Headley (2000) notes a few definitions of racism—motivational, behavioral, and cognitive racism. Motivational racism is “the infliction of unequal consideration, motivated by the desire to dominate, based on race alone“; behavioral racism is “failure to give equal consideration, based on the fact of race alone”; and cognitive racism is “unequal consideration, out of a belief in the inferiority of another race.”
I have presented six definitions of racism—though there are many more. Now, for the purposes of this article, I will present my own: the ‘inferiorization’ of a racialized group which is then used to explain disparities in things like IQ test scores, social class/SES, education differences, personality, etc. Now, knowing what we know about physiological systems and how they react to the environment around them—the immediate environment and the social environment—how does this then relate to stress and physiology?
Racism, stress, and physiology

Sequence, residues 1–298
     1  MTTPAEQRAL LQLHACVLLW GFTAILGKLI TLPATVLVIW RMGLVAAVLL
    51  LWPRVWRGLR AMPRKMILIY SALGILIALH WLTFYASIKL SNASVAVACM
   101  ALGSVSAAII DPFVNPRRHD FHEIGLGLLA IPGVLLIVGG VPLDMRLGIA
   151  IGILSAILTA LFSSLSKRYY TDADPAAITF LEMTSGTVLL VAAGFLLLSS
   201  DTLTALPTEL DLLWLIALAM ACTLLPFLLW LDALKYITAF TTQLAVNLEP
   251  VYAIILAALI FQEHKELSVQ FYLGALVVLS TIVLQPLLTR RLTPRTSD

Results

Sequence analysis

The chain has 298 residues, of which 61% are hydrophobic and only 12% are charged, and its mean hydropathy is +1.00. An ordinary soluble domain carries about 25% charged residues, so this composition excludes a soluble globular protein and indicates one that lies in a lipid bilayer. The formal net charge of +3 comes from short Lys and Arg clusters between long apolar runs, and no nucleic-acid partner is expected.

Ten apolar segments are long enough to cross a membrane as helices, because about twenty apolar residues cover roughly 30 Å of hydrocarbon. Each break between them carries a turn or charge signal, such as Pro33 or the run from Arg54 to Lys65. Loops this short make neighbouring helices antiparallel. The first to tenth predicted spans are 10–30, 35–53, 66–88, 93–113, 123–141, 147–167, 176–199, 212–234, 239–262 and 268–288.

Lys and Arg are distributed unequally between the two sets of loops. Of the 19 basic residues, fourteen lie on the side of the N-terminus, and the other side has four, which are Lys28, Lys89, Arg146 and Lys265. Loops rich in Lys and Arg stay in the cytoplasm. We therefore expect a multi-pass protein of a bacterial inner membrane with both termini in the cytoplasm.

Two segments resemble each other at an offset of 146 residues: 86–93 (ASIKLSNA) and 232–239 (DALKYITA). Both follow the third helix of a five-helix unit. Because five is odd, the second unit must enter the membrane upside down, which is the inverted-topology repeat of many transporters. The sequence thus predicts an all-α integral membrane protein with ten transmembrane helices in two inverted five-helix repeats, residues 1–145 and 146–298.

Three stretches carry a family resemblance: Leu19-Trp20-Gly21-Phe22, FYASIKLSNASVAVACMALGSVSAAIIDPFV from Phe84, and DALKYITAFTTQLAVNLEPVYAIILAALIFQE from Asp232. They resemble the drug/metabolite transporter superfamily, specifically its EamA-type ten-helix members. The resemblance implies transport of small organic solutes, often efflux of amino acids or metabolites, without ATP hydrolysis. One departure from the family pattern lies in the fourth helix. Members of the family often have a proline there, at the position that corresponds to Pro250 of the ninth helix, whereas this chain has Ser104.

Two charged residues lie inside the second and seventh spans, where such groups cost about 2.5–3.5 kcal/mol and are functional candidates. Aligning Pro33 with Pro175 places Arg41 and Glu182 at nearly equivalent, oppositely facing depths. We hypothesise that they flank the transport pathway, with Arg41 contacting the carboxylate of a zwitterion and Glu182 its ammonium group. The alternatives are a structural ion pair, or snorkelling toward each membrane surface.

Now that we know what racism is, having had a rundown of certain definitions of ‘racism’, I will now discuss the physiological effects such stances could have on groups racialized as ‘races’ (note that I am using socialraces in this article; recall that social constructivists about race need to be realists about race).
The term ‘weathering’ refers to the body’s breaking down due to stress over time. Such stressors can come from one’s immediate environment (i.e., pollution, foodstuffs, etc) or their social environment (a demanding job, how one perceives themselves and how people react to them). So as the body experiences more and more stress it becomes more and more ‘weathered’ which then leads to heightened risk for disease in stressed individuals/populations.